Sight is one of your most precious senses, especially when it comes to your ability to earn a living. Yet, eye injuries occur all too often in the workplace.

A worker might be using a high speed tool that scatters tiny flying particles, and in the blink of an eye, the particles are in the workers' eye. If the worker notices what happens, these particles can be removed by an ophthalmologist or emergency room doctor. Although the result can still be scarring or cause eye damage, there's an even greater risk of permanent eye damage if the worker doesn't notice the lodged particle.

It might sound obvious, but the first step to protecting your eyes is to make sure that you have routine yearly eye exams. An uncorrected or under corrected vision problem can cause you to have an accident that affects you and/or others. Many workers might feel self-conscious in glasses, but is vanity really worth sacrificing your eyesight?

If you are a candidate, your ophthalmologist might be able to prescribe contact lenses. Either way, the corrective device should be worn as the doctor prescribes it.

In any job location where there might be a hazard to the eye, the worker should utilize personal protective eyewear that is designed for the specific task or hazard involved. This isn't an optional way to protect your eyes; OSHA actually requires everyone on a work site to wear front and side protecting safety glasses when there is a hazard from any flying objects. The reason that OSHA requires everyone on site to wear safety glasses is because other workers might be working with a hazard, even if you aren't.

Protective Eyewear. Your eyewear should fit properly and comfortably to best protect your eyes. They should be snug to maintain a proper position, but not so snug that they interfere with your natural movements. Many protective eyewear devices have adjustable features that can be fitted directly to the unique elements of your face. When fitted properly, dust and chemical splash protecting eyewear will form a protecting seal. Leaving the eyewear loosely hanging on the face will not provide adequate protection. Face shields and welding helmets must also be fitted properly, as they will do little good if they fall off while working.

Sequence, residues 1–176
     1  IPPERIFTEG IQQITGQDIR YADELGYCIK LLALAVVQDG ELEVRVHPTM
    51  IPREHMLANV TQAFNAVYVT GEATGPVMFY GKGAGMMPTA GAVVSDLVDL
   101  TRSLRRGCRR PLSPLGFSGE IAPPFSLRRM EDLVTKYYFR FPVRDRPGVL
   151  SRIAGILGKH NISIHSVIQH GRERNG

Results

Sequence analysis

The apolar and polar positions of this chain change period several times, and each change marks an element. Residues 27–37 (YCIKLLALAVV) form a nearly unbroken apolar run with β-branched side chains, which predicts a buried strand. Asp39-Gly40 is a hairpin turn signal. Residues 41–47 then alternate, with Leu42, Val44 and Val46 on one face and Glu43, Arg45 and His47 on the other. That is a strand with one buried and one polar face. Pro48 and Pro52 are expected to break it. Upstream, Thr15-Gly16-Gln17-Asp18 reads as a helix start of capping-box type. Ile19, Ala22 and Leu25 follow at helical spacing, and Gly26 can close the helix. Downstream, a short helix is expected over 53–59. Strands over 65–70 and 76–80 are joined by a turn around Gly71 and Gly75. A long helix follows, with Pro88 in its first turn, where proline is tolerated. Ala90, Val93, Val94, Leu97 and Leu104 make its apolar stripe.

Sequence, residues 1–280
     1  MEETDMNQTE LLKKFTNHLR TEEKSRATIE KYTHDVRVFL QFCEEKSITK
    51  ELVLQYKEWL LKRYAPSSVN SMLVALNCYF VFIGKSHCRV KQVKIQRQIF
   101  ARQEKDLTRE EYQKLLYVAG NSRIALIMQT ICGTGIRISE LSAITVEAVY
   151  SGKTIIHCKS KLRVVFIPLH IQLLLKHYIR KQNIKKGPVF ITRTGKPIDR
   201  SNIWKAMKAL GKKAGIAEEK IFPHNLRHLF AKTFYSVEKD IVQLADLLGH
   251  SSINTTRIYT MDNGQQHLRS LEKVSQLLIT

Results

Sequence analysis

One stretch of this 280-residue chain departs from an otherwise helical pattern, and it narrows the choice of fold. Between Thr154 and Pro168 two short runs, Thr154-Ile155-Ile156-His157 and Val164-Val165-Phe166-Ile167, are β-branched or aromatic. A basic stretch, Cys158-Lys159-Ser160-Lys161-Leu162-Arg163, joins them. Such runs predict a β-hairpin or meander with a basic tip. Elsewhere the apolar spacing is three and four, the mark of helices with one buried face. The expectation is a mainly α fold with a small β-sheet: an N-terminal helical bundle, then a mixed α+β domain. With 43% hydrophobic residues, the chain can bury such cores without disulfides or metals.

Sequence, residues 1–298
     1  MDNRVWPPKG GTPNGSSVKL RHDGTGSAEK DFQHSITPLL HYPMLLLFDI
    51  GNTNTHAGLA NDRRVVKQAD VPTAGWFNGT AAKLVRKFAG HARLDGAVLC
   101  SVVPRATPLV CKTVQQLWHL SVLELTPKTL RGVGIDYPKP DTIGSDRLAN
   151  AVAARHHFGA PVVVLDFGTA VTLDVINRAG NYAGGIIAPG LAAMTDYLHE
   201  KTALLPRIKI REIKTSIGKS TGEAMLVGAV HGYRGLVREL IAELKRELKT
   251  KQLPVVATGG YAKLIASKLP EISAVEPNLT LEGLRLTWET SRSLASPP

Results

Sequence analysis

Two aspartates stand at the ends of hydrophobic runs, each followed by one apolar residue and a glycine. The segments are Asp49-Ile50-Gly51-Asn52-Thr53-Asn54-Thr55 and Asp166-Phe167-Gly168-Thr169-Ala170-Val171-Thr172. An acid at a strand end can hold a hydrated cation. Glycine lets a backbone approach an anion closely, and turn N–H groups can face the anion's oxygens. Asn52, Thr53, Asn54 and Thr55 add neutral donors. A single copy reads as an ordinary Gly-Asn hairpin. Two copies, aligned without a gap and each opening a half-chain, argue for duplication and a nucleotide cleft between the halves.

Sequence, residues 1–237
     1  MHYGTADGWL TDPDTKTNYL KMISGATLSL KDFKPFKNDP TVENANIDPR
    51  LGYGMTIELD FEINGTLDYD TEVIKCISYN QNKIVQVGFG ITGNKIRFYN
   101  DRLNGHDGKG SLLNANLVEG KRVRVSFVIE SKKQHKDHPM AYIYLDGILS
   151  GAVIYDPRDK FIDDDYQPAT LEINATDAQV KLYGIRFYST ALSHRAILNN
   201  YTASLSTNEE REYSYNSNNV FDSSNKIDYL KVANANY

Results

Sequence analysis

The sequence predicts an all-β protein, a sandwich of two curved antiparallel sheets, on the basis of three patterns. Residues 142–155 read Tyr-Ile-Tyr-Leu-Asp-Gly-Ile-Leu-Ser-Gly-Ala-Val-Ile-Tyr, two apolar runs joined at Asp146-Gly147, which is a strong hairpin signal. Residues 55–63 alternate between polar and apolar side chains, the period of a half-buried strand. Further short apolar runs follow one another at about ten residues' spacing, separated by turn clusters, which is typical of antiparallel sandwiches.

Workers that must wear corrective glasses should ask for their own prescription safety eyewear. It is possible to wear certain types of personal protective eyewear over your corrective glasses, but it is often bulky, heavy and uncomfortable.

In the Event of an Eye Accident. If an eye injury does occur, the response time can often prevent serious and permanent injury. In order to respond quickly, workers should do the following before an incident occurs:

  • Know safety protocols and first-aid response.
  • Know the location of eyewash stations, operation, and how to quickly get to one.
  • Report any problems with the eyewash station, personal protective equipment, or unaccounted hazards to the site supervisor.

Accidents are inevitably going to occur. However, by supporting and complying with all elements of the eye protection program, you can greatly reduce the risk of injury and lessen the potential for permanent eye damage.

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